Scot McKnight recently spoke at the Apprentis Institute at Friends University. He demonstrated his knack for a turn of the phrase. Recounting Peter’s ongoing conversion, Scot described what Peter learned in his vision on the roof. Aside from discovering there is some good food to be eaten once he was knocked off his “kosher block,” he (Peter) learned the Jews ” were not a cut above any other people.”
After he finished his talk he sat with James Bryan Smith and Dallas Willard for a brief conversation. You should look for the recording of this session for both McKnight’s talk and the conversation that followed. Willard remarked that how one understands the Cross event informs their vision of God. Scot interjected that there needs to be some hard work looking into how we now understand the word translated propitiation in Romans 3. Would have paid twice the price to hear a few hours on that discussion.
Those are two clippings from sitting in on Scot’s session. I had a great time hanging out with Mark Scandrette. It had been almost four years. We talked about practical spiritual formation and the role of the pastor. You should pick up his new book, Practicing the Way of Jesus: Life Together in the Kingdom of Love. Now to some clips from my online reading over the past week or so.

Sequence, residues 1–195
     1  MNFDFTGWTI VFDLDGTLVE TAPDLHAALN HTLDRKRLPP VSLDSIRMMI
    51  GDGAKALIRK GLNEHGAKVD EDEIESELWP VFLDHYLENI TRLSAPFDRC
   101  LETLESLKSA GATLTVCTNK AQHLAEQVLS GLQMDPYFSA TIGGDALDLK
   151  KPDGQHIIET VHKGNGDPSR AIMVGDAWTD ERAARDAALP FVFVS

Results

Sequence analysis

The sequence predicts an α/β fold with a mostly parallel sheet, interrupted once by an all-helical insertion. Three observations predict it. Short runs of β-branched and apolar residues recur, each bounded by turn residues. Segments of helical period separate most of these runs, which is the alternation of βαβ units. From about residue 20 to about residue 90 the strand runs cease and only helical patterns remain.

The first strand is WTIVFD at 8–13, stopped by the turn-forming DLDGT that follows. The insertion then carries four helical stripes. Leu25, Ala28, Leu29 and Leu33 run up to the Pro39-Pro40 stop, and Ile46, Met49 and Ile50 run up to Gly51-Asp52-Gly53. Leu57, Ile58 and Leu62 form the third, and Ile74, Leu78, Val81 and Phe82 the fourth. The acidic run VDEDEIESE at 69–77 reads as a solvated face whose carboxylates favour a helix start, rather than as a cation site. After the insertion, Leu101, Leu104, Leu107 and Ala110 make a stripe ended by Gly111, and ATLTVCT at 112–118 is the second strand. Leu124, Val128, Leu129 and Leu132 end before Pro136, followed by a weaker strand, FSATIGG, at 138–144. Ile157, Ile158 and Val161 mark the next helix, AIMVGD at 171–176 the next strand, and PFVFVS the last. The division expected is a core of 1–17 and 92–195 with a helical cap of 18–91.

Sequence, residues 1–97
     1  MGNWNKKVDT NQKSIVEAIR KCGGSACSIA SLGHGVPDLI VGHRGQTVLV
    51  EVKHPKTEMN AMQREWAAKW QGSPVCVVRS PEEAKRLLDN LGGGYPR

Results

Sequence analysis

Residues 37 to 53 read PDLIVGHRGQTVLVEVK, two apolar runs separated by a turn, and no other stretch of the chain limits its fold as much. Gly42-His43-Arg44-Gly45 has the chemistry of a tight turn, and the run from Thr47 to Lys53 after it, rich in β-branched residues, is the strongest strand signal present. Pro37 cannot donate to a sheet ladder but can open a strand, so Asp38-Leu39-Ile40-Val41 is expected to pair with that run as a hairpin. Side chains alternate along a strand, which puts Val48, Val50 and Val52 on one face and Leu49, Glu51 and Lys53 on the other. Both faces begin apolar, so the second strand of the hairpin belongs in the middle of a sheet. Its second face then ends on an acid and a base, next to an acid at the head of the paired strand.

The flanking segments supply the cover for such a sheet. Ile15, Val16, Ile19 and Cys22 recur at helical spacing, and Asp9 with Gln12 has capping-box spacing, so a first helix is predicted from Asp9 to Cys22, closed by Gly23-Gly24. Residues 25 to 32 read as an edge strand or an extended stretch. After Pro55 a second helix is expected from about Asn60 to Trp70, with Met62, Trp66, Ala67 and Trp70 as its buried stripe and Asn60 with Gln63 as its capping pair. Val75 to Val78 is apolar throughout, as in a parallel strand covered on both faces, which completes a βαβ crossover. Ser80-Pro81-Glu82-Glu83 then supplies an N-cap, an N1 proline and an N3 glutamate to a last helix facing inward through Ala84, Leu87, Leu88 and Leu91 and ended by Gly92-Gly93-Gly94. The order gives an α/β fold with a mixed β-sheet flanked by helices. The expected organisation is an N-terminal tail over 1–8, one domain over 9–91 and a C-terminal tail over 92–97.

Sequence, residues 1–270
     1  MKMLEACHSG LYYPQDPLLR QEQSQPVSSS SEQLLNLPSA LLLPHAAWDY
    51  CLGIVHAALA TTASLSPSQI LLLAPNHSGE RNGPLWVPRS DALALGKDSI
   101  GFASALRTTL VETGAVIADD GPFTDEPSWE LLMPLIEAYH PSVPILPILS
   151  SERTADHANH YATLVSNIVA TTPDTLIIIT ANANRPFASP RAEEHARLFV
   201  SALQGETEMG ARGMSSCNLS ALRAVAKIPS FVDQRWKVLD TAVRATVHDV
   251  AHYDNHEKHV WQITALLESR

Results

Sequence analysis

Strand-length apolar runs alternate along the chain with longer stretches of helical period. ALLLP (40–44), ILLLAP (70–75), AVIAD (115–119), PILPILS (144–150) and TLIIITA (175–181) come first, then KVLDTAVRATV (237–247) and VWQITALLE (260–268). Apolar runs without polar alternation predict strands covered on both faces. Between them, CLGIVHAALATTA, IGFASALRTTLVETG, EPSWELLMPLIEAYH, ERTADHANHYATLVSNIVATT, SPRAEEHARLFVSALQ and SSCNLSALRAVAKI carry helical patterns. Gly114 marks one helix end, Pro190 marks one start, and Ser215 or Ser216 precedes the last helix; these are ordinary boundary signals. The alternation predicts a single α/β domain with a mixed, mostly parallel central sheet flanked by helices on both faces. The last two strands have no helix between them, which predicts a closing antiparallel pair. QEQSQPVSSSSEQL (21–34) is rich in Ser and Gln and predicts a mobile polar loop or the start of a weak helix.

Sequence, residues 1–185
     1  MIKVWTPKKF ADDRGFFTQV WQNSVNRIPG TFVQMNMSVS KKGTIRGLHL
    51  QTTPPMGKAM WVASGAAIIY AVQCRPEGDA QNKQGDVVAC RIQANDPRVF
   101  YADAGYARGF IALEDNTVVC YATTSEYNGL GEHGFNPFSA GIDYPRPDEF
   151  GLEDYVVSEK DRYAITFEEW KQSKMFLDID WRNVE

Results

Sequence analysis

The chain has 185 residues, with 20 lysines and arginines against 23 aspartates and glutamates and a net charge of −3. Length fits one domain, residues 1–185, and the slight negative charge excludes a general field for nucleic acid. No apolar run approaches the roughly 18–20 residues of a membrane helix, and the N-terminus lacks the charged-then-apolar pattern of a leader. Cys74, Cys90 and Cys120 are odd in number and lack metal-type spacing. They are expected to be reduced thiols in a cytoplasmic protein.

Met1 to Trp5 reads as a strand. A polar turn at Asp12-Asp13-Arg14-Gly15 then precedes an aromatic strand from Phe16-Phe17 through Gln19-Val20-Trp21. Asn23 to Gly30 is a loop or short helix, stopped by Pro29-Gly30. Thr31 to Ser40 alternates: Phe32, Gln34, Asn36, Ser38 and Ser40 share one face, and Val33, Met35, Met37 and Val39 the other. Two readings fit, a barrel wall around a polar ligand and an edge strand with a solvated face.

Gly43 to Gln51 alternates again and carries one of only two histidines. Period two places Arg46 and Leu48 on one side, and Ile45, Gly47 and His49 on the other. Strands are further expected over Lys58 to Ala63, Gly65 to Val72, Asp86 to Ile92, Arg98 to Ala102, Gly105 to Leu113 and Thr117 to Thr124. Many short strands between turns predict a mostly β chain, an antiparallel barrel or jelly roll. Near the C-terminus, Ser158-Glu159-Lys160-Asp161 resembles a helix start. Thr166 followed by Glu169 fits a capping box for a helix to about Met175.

The rhythm of life in Christ is inward in community, and outward in mission. We live this rhythm because we are the Body of Christ, the expression of God’s life in the world. And God is an eternal community of love, overflowing into mission (the sending of Jesus and then of the Spirit).
So deconstruction becomes a type of easy shorthand for systematic dismantling the components of one’s faith or theology, throwing out those pieces that don’t make sense and then putting it all make together again. This is the trajectory I see some in the emergent church taking and its one that seems to be gaining popularity.
And that’s why I am not interested in leaving deconstruction behind for mere surface reconstruction — because for me deconstruction is, as friend of mine put it, a sustained spiritual practice, fostering a deep sense of awe and wonder at the world and incessantly reminding me that the divine always lies ahead of even my best theological ideas.